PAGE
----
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medical and economic benefits. The future we envision is an infrastructure of high-technology pig farms and associated products and services that will make transplantation safer, more convenient, and easier to arrange. The backlogs will disappear. For thousands of people each year, life will be transformed from a steady decline to full health.

Without ATP there would be no cloned pigs. Success would have been delayed by years, and perhaps forever. The entire field of xenotransplantation would have withered or shrunk. The big bad wolf of inadequate financing would have won.

EXTENDING CASE STUDY METHODOLOGIES FOR TECHNOLOGY POLICY EVALUATION

Todd A. Watkins

Lehigh University

Inadequate Incentive for Innovation

The links between competitiveness and technology, and the questions those links raise for technology policy or, more broadly, industrial policy, have major implications for a nation's wealth, living standards, and national security. Policy-makers and economists have long understood technological innovation as important for economic growth. It is also well understood that under some circumstances competitive markets will fail to generate adequate incentives to innovate.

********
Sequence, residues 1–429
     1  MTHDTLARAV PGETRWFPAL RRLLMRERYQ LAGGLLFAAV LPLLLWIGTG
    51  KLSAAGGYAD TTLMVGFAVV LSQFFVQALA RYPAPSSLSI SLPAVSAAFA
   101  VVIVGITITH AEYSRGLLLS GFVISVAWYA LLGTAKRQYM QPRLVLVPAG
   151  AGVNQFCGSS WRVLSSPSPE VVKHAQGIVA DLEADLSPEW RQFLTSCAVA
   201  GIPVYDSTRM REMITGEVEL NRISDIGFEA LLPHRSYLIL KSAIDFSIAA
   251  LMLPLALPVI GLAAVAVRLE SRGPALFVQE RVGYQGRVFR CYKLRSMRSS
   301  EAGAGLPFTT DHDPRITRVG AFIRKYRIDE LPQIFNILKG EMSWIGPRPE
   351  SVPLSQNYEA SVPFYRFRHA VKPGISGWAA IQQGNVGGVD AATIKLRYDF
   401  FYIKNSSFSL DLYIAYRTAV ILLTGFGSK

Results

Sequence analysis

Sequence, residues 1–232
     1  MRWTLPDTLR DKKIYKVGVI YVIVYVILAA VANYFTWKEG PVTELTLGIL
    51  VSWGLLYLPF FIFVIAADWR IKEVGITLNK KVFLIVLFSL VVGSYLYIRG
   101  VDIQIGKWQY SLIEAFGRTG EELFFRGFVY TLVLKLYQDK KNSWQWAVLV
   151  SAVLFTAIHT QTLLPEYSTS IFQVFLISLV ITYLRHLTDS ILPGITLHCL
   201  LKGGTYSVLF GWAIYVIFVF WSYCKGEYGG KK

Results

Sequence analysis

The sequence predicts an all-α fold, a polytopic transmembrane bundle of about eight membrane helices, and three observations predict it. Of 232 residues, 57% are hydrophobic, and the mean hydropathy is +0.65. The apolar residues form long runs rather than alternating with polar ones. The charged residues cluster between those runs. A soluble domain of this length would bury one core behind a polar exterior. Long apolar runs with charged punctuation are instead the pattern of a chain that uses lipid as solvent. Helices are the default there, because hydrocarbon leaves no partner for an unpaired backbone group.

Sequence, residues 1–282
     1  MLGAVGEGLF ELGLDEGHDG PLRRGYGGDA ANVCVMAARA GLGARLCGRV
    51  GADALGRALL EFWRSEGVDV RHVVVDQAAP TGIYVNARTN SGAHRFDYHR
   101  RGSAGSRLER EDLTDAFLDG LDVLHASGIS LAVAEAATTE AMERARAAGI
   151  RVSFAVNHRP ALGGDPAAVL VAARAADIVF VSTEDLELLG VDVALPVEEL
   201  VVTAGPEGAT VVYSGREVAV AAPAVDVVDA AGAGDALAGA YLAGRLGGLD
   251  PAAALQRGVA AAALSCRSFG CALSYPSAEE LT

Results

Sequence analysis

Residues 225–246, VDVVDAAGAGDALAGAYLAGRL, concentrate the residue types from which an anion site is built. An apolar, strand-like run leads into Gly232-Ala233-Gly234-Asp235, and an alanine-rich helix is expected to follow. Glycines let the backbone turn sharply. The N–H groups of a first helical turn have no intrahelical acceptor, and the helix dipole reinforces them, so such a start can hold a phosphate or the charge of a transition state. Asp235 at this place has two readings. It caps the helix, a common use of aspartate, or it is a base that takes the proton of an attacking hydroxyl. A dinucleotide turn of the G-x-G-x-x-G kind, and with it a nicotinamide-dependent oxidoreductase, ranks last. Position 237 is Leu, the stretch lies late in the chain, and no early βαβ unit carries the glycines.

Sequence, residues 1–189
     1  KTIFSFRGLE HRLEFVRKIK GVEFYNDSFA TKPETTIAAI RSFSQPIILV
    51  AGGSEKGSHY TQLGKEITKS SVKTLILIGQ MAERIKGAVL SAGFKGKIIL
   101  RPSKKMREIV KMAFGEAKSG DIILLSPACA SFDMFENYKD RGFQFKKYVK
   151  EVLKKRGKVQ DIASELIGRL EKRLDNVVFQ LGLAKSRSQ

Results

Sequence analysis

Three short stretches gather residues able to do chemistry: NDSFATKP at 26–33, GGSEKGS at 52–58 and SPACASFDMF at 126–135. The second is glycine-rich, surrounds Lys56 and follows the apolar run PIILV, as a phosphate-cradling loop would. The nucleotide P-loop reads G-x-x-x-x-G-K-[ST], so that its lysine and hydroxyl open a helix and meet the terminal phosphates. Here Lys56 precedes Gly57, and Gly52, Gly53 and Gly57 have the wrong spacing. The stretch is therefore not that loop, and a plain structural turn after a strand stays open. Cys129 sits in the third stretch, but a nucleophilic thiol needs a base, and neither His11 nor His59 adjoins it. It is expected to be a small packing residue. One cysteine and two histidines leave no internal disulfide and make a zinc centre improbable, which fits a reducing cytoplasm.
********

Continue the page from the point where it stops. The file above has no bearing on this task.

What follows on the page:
Market Failure and Spillovers

The market failure justifications for government support of R&D are well rehearsed and widely discussed in the innovation economics and technology policy literature. Three main market failures are ubiquitous for R&D: increasing returns, from both externalities and indivisibilities (such as fixed R&D costs), and uncertainty. All are important for thinking about science and technology policies, but the increasing returns due to non-rival-good externalities are of most relevance for the ATP's focus on spillovers.

Empirical evidence from a wide variety of studies, industries, and methodologies supports the view that the social benefits of R&D are consistently high and, importantly for policymaking, higher than the private benefits, by factors typically ranging from 30 to 80 percent and sometimes as much as 300 percent. The persistence of high social rates of return to R&D is an indication that not enough is being invested in R&D from a social maximizing point of view. Otherwise returns to R&D would return to more normal rates.

Recognizing this chronic underinvestment, when the ATP was created by the Omnibus Trade and Competitiveness Act of 1988, its goals were “to assist U.S. business in creating and applying the generic technology and research results to



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